- Officials in Alabama's Limestone County say that trucks traveling to a landfill in nearby Morgan County are the source of ongoing litter conditions on local roads due to unsecured tarps, as reported by the Decatur Daily.
- The county's transfer station is operated by Republic Services, which hires subcontractors to transport waste to the landfill, and some local officials have threatened to change contract terms to address the issue. A spokesperson for Republic told the Decatur Daily that no local officials have contacted them about this yet.
- A local councilman in Athens said he plans to develop an ordinance that would have stronger penalties for litter coming from trucks or from residents.
Republic has been singled out by some officials, however they are not the only company operating in this area and the source of litter is hard to pinpoint. The idea of stationing a sheriff's patrol car to issue citations for unsecured loads was dismissed due to staffing resources. Improperly bagged waste from residents, or standard littering from cars or pedestrians could also be factors.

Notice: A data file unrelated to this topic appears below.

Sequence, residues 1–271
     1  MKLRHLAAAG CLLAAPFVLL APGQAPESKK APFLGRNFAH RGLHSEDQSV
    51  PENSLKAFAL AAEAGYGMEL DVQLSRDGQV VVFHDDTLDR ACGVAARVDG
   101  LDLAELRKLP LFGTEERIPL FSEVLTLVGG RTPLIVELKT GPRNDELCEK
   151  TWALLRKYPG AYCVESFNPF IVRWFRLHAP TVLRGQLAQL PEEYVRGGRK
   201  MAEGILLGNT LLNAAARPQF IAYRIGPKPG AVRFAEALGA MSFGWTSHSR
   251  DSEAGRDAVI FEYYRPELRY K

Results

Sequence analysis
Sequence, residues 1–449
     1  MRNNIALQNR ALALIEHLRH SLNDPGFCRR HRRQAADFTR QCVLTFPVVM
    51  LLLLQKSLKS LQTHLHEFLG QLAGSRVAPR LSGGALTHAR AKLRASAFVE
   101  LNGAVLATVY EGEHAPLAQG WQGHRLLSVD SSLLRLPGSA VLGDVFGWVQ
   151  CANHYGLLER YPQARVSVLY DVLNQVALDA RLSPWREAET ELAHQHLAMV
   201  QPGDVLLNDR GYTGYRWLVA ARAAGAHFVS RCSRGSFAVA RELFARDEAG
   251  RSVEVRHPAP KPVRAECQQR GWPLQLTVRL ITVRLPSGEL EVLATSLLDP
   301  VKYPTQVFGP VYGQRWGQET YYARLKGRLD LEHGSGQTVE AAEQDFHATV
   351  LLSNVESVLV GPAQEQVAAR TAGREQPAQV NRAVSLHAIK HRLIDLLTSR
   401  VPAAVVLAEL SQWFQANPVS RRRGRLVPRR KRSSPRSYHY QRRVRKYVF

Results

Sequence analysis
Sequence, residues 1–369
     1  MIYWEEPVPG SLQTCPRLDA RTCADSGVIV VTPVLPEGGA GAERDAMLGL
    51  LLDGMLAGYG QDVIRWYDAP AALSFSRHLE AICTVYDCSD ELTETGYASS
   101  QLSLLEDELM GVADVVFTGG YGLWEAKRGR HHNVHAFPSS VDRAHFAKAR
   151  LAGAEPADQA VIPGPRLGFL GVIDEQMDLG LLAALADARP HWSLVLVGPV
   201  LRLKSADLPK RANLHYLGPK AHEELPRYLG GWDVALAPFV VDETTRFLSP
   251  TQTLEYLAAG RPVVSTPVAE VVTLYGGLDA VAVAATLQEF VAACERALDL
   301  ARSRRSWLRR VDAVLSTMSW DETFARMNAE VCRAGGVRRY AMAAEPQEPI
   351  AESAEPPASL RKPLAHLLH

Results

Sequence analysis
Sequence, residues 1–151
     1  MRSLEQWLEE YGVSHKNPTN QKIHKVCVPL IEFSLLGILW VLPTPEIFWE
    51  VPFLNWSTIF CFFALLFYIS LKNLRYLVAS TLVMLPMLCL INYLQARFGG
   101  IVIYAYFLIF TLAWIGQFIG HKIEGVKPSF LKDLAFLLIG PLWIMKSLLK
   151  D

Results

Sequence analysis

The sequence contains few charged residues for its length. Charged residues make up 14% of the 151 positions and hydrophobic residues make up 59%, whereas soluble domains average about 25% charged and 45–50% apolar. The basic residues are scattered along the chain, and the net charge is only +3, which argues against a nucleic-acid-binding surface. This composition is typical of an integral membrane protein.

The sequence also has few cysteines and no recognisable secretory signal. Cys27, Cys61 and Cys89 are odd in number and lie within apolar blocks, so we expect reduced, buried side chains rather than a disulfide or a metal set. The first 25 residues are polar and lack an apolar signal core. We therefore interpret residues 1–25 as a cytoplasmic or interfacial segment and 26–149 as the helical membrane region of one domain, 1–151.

While the problem may be alleviated if local haulers repair or replace tarps on trucks, that may be unnecessary if they won't directly solve the problem. Instead, it may be most effective for local officials to address littering across the board through educational campaigns and more clear communication. In Savannah, GA, collection trucks have been outfitted with anti-litter public service announcements to spread the message to residents. Other cities have considered updating fines, adding cameras or requiring community service for those caught in the act.
To ensure that county officials are focusing their efforts most effectively, they may also consider following a recent plan from Philadelphia to conduct a litter index program and track waste patterns. Until then, all stakeholders — including county officials, their residents and their haulers — should be expected to take responsibility for the problem.